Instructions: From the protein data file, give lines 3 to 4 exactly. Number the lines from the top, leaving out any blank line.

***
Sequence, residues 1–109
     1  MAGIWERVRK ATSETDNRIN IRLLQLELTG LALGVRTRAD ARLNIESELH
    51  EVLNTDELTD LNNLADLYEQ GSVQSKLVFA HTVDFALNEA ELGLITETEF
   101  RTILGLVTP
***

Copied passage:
    51  EVLNTDELTD LNNLADLYEQ GSVQSKLVFA HTVDFALNEA ELGLITETEF
   101  RTILGLVTP